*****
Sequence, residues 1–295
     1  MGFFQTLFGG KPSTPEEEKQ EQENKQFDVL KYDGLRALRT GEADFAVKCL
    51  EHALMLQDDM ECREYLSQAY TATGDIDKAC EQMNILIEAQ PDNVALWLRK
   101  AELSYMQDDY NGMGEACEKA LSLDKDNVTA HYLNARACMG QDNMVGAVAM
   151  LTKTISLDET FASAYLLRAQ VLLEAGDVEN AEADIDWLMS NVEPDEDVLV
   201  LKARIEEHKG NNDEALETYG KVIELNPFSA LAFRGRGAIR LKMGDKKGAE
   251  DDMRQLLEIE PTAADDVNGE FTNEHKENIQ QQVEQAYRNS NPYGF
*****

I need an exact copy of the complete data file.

Sequence, residues 1–295
     1  MGFFQTLFGG KPSTPEEEKQ EQENKQFDVL KYDGLRALRT GEADFAVKCL
    51  EHALMLQDDM ECREYLSQAY TATGDIDKAC EQMNILIEAQ PDNVALWLRK
   101  AELSYMQDDY NGMGEACEKA LSLDKDNVTA HYLNARACMG QDNMVGAVAM
   151  LTKTISLDET FASAYLLRAQ VLLEAGDVEN AEADIDWLMS NVEPDEDVLV
   201  LKARIEEHKG NNDEALETYG KVIELNPFSA LAFRGRGAIR LKMGDKKGAE
   251  DDMRQLLEIE PTAADDVNGE FTNEHKENIQ QQVEQAYRNS NPYGF